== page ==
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The Effects of Eating Raw Oysters

author image Julie Hampton
Julie Hampton has worked as a professional freelance writer since 1999 for various newspapers and websites including "The Florida Sun" and "Pensacola News Journal." She served in the U.S. Army as a combat medic and nurse for over six years and recently worked as the Community Relations Director for a health center. Hampton studied journalism and communications at the University of West Florida.
The Effects of Eating Raw Oysters
A raw oyster with lemon served over ice. Photo Credit: Shaiith/iStock/Getty Images

You no longer have to live on the coast to enjoy a dozen oysters -- restaurants and raw bars across the country serve raw oysters. The shelled seafood varies in taste based on size and the location where they have been harvested. Medium to large oysters may have a briny taste, while smaller oysters are sweeter. Raw oysters are enjoyed plain or topped with a variety of condiments from freshly squeezed lemon to vinegar. Eating raw oyster may have a variety of effects. If you are pregnant, you must put your oyster craving on hold.

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Possible Bacterial Infection

Occasionally a “bad” raw oyster may be laden with bacteria, and painful food poisoning results. Symptoms of eating a bacteria-infested raw oyster include chills, stomach cramps, nausea, vomiting and diarrhea. The bacteria, Vibrio vulnificus, cause more severe reactions. According to the US Food and Drug Administration, loss of skin, kidney failure, excruciating pain and even death may occur with this bacteria. According to the Forbes website, 40 percent of untreated Vibrio vulnificus infections result in death. Many oysters actually carry the bacteria, but some people are more susceptible to a severe reaction including those with AIDS, diabetes, cancer and liver disease. Though a bad oyster is often difficult to identify, the oyster may be slightly dry and shriveled, as well have an extremely foul odor.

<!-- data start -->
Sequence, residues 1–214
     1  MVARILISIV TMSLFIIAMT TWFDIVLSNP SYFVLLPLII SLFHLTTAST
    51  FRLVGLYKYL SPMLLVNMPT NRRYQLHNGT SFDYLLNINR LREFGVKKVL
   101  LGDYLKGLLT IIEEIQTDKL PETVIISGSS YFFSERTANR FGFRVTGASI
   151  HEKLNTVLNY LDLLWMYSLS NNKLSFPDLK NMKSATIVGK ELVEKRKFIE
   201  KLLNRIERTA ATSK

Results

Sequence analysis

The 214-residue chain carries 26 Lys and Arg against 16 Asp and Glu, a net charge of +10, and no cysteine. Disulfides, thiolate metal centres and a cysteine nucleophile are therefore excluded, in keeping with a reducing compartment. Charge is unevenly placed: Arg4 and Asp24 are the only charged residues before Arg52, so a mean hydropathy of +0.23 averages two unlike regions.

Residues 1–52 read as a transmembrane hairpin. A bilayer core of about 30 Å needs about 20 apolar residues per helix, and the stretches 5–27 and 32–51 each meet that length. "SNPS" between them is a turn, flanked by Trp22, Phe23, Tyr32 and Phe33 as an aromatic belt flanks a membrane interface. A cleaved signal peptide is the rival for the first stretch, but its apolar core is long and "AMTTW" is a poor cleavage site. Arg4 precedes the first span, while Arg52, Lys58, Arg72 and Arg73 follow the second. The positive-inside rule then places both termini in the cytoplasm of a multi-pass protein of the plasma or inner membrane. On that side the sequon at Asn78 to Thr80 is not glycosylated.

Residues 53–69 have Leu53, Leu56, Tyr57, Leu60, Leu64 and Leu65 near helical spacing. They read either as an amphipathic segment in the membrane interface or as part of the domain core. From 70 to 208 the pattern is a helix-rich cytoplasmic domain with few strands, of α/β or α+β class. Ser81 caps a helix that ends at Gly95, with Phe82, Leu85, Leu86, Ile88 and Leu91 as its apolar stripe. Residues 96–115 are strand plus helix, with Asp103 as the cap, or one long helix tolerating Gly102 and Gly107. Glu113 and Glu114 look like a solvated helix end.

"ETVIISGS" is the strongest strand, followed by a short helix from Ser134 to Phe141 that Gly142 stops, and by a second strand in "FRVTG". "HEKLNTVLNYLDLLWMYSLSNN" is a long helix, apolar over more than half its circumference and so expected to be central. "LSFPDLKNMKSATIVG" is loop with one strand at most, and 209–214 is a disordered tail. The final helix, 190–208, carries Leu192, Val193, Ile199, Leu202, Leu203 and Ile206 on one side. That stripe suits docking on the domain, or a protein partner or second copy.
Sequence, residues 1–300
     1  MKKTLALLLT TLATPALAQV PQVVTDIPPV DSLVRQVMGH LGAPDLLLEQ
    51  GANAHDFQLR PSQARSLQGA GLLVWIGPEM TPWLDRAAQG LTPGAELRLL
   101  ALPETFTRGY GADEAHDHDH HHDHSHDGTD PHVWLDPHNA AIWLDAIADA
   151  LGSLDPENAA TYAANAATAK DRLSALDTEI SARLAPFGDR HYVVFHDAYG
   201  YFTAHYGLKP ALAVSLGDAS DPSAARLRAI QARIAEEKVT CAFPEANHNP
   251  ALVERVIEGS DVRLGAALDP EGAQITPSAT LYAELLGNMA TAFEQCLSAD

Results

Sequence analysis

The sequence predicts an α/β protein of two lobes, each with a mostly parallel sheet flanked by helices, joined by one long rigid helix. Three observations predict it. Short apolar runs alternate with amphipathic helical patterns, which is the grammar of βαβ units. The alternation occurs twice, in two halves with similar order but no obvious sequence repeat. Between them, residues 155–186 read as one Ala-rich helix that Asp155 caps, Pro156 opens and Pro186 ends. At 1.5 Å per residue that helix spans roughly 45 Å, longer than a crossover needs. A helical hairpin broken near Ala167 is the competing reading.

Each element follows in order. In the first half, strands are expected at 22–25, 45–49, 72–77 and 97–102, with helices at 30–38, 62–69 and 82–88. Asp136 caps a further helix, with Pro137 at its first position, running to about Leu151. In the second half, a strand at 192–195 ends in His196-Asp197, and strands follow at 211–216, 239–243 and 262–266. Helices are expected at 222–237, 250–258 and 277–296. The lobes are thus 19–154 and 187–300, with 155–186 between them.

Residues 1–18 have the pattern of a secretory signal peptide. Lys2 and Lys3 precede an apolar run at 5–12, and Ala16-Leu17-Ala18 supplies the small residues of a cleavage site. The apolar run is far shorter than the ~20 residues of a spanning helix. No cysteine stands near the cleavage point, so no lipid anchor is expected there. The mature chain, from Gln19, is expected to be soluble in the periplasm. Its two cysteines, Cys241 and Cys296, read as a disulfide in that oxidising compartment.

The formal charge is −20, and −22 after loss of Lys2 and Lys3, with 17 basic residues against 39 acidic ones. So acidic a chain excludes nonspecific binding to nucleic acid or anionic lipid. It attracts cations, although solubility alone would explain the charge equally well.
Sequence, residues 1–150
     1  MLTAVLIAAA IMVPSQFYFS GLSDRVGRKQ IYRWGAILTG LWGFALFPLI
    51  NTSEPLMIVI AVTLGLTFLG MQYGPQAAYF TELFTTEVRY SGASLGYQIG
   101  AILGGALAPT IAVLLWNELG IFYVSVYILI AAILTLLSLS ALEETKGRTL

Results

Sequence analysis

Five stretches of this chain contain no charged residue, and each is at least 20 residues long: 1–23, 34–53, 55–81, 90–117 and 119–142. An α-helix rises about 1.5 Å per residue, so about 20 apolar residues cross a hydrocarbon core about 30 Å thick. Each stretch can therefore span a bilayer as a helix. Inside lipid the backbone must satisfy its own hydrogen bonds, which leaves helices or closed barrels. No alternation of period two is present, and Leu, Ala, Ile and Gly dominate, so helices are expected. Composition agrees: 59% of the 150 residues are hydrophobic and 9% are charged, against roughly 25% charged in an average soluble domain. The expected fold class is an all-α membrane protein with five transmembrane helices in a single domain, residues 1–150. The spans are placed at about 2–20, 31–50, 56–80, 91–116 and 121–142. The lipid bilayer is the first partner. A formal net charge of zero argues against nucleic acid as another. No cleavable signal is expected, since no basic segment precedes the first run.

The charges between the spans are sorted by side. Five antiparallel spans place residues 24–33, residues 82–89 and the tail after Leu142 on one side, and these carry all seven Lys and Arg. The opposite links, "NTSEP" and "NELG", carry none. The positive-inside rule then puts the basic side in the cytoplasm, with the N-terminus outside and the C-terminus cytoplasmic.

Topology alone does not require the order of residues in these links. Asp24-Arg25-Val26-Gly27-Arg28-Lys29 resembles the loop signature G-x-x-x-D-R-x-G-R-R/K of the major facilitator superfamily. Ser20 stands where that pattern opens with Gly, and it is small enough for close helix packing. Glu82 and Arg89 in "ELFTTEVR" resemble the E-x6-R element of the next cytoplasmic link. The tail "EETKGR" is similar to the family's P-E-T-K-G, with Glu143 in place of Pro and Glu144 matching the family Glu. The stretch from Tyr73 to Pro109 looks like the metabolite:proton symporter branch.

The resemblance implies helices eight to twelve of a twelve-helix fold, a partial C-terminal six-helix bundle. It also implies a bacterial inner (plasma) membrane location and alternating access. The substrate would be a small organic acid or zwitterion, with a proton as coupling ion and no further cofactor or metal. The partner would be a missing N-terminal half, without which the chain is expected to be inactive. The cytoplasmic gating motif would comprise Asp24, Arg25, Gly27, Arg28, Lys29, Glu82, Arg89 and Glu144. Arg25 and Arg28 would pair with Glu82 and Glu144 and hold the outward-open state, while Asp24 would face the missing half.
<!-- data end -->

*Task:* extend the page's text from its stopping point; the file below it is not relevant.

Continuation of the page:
While raw oysters has featured prominently in folklore as an aphrodisiac for hundreds of years, today scientific evidence may support it. Oysters contain high amounts of zinc that increase sperm production, reports the LiveScience website. Raw oysters may also boost libido. LiveScience reports the raw seafood treat is high in D-aspartic acid and N-methyl-D-aspartate amino acids that produce higher levels of testosterone or progesterone. In one study, when raw oysters where fed to rats, an increase in these hormones were detected. If the oysters were cooked, the levels of amino acids responsible for increased libido severely declined.


When eating about five to six raw oysters you are receiving the daily recommended allowance of iron, copper, iodine, magnesium, calcium, zinc, manganese and phosphorus, according to the GlobalGourmet website. Oysters are low in cholesterol and high in a variety of vitamins. Raw oysters include vitamins A, C, D, as well as thiamine, riboflavin and niacin. A serving of six to eight medium raw oysters contains about 69 calories and 55 mg of cholesterol.

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